Updated August 26, 2021
Editing and proofreading fiddles with copy, revising recasts. A team member submitted a page with this paragraph. He is a fine writer but under deadline. I have more time as I am generally not doing original research and writing, rather, editing and revising material already written.
Here’s the troublesome paragraph:
“When you are in a difficult situation, you don’t want your lawyer to be inaccessible, unsympathetic, and only speaks in confusing legal jargon. You want legal service that’s not only effective but compassionate as well. That’s exactly the kind of service our clients get at Donovan and Reed.”
Did you catch all the negative sounding words? They are: 1) difficult 2) don’t 3) inaccessible 4) unsympathetic 5) confusing 6) not.
Public business writing must be positive. These everyday words and phrases together present a negative tone. Instead of saying what a client doesn’t want, say what a client does want. And, perhaps most importantly, what the firm wants as well.
It took an hour and at least ten revisions before I was happy. This time was abnormally long for a single paragraph, however, this was for a client’s home page. Home pages must be positive, copy has to move — no rambling!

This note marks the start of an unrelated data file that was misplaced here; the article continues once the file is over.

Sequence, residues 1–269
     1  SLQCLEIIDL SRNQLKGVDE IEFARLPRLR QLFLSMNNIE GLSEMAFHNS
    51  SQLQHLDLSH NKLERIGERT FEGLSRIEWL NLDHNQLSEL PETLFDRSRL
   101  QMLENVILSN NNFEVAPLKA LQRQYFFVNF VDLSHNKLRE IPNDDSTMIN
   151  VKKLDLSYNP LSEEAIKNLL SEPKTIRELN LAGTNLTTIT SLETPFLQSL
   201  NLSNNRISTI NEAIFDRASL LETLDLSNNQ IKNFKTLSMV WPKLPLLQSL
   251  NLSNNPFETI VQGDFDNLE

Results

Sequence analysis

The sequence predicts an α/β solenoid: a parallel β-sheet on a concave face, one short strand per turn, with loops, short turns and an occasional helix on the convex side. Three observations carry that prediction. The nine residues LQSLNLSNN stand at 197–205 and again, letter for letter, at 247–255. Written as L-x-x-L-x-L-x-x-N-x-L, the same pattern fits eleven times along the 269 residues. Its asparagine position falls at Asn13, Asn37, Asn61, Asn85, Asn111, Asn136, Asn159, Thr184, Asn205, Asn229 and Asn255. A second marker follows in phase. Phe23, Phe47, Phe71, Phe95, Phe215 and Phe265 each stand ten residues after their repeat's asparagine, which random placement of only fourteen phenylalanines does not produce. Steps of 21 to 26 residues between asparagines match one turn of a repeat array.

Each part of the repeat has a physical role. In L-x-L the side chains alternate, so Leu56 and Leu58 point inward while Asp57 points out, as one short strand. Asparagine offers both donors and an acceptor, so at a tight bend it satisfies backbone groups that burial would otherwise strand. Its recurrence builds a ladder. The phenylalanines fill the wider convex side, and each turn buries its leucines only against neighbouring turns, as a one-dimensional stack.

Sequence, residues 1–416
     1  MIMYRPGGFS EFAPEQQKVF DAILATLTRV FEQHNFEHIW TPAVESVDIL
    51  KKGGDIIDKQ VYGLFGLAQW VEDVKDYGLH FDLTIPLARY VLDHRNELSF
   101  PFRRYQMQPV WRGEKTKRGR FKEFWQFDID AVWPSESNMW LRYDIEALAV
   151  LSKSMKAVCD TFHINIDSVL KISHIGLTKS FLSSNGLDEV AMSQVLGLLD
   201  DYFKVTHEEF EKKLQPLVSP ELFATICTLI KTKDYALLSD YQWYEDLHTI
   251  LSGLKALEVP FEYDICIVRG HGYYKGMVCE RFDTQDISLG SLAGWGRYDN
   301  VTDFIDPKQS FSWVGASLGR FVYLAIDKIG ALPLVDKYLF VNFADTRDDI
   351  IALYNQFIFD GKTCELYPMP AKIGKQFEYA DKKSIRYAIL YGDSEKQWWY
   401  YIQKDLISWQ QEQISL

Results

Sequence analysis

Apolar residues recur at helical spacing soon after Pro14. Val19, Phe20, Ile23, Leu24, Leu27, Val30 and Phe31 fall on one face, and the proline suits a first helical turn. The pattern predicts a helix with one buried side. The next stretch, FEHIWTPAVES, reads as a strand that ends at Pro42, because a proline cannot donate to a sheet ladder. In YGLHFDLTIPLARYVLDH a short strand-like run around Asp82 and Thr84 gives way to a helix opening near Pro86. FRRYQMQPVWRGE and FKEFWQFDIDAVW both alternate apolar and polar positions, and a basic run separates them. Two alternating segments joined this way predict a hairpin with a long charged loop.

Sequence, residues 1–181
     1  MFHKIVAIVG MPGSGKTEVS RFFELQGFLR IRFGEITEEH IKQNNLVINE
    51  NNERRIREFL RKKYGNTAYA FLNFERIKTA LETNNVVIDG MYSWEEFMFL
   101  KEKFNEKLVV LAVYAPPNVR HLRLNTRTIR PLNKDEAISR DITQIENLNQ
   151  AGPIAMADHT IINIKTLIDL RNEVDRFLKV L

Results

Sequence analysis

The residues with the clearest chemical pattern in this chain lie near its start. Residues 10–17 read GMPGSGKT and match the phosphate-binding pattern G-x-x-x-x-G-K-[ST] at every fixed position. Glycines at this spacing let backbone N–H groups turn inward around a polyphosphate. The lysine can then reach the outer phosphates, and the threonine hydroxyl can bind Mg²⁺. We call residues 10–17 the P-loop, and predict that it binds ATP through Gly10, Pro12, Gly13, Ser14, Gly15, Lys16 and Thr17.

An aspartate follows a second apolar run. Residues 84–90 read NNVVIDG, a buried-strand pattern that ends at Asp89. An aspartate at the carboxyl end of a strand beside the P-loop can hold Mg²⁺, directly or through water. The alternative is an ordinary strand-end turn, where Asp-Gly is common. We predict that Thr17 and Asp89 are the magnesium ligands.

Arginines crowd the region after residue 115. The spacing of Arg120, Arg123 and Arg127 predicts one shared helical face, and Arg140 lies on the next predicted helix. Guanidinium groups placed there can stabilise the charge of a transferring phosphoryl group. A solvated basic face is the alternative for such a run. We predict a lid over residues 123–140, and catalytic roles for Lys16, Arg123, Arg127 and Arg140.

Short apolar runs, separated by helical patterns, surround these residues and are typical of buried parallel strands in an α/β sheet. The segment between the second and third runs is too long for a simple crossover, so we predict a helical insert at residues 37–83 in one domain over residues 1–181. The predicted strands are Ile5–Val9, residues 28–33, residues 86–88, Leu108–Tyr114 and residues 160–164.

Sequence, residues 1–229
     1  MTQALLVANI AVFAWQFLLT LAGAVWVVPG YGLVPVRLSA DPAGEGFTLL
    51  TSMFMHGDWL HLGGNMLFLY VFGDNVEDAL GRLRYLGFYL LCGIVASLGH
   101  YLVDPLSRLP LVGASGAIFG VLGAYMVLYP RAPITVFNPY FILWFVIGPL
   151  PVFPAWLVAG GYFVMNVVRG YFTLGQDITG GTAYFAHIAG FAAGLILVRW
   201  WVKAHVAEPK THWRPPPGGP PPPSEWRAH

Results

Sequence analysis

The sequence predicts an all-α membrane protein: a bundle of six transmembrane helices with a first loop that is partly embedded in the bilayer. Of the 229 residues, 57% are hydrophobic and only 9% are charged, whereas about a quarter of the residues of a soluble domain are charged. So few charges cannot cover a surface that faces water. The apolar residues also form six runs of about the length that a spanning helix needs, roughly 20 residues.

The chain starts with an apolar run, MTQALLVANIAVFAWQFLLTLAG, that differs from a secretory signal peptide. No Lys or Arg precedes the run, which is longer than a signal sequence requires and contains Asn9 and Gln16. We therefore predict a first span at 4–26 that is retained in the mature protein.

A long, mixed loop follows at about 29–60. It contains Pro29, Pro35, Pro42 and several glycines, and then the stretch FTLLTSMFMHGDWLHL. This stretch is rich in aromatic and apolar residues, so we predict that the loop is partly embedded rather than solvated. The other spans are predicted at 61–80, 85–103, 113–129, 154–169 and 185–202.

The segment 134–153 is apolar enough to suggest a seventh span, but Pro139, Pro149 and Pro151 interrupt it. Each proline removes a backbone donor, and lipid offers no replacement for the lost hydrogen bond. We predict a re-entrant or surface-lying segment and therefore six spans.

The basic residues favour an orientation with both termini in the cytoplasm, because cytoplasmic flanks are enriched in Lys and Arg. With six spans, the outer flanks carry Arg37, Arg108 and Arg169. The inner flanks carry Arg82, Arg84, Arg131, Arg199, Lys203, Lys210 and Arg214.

Here’s my revision:
“You want a lawyer who is accessible, sympathetic, and plain speaking. You also want legal service that’s effective and compassionate. That’s what we want, too. And that’s exactly what we provide at Donovan & Reed.”
Details? Besides knocking out the negative words, I eliminated, “When you are in a difficult situation.” The client is undoubtedly already in one if they are looking for a lawyer.
As I mentioned, it’s important to state that the law firm’s wishes are the same as the client. “We want that, too.” This invests or aligns the company with the client’s concerns. It’s not just the client desiring something, it’s the business as well.